Operators of an illegal pyramid scheme that advertised on the Internet and in newspapers that consumers could contribute to a charity and make huge monthly returns for themselves have agreed to settle Federal Trade Commission charges that they made false and misleading statements to sell membership in their scheme. The settlement of the FTC charges bars Eileen Belcar and Cedrick Robles from selling or offering for sale membership in any multi-level marketing, investment or charitable donation program or plan. The settlement also bars unsubstantiated income or profitability claims and misrepresentations in connection with the sale of any goods or services.
Belcar and Robles and their business, Global Assistance Network for Charities (GANC) were targeted as part of "Operation Missed Fortune," a November 1996 law enforcement crackdown on "get-rich-quick" schemes by the FTC and 25 states. GANC was one of more than 75 law enforcement actions against self-employment scams, work-at-home schemes, and pre- packaged small businesses involving everything from vending machine frauds to sophisticated medical billing services. The firms typically promised "proven" opportunities to "gain financial independence" and "be your own boss."
Belcar and Robles advertised that for an initial fee of $70 and a $50 monthly payment, consumers could contribute to worthy charities while earning thousands of dollars a month -- risk free. They advertised that consumers would ultimately receive over $89,000 a month and promised that if this level of earnings was not realized, GANC would provide a refund. On November 5, 1996, the Commission filed a complaint in Federal District Court in Arizona charging them with making false and misleading earnings representations. The court granted the Commission’s motion for a temporary restraining order and an asset freeze, and on February 4, the court entered a default judgment against GANC. This settlement resolves the cases against the individual defendants.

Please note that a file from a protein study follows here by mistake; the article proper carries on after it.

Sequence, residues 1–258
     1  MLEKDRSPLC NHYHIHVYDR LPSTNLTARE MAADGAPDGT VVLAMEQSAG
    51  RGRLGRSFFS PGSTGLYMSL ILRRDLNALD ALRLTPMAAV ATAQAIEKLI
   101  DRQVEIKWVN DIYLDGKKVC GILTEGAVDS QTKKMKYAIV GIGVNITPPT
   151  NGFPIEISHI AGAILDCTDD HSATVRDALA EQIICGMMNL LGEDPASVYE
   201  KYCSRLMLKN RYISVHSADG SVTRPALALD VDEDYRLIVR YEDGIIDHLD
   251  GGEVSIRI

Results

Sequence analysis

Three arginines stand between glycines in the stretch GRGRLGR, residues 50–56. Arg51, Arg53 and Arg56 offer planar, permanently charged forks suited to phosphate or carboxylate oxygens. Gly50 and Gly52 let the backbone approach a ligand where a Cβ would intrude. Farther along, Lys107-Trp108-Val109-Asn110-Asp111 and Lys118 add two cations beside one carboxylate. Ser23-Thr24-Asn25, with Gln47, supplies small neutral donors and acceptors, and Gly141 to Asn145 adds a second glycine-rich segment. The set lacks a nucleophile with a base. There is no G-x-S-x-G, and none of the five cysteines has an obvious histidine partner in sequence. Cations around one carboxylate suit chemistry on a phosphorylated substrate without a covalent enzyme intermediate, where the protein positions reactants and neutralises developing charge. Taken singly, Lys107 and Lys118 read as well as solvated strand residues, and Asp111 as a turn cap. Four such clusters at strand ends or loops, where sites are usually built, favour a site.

The settlement bars Belcar and Robles from promoting, offering for sale, or selling any membership or participation rights in GANC or any other multi-level marketing, investment or charitable donation program or plan. It bars misrepresentations in the promotion, advertising, offering for sale or sale of any goods or services; including misrepresentations about income or profitability. The settlement prohibits Belcar and Robles from providing any information about those who signed up for "membership" -- a provision that would prevent the sale or use of the names as a "sucker list." Finally, the settlement requires the defendants to pay full consumer redress in the amount of $4,900. This amount reflects the fact that the FTC stopped the fraud in this case in its very early stages.
The FTC urges consumers to report fraudulent get-rich-quick schemes to the National Fraud Information Center, a project of the National Consumers League, at 1-800-876-7060, between 9 a.m. and 5:30 p.m. (Eastern) Monday through Friday, or via the Internet at http://www.fraud.org (no period). Complaint information from the NFIC helps the FTC and state Attorneys General track and identify fraud operators.
The Commission vote to authorize filing of the stipulated judgment was 5-0.
NOTE: This consent judgement is for settlement purposes only and does not constitute an admission by the defendant of a law violation. The United States District Court for the District of Arizona signed the parties’ stipulated final judgment on April 24, 1997. Consent judgments have the force of law when signed by the judge.
Copies of the consent judgment and consumer education material on get rich quick schemes are available on the Internet at the FTC’s World Wide Web site at: http://www.ftc.gov and also from the FTC’s Public Reference Branch, Room 130, 6th Street and Pennsylvania Avenue, N.W., Washington, D.C. 20580; 202-326-2222; TTY for the hearing impaired 1-866-653-4261. To find out the latest news as it is announced, call the FTC NewsPhone recording at 202-326-2710.
(FTC File No. X97 0006)
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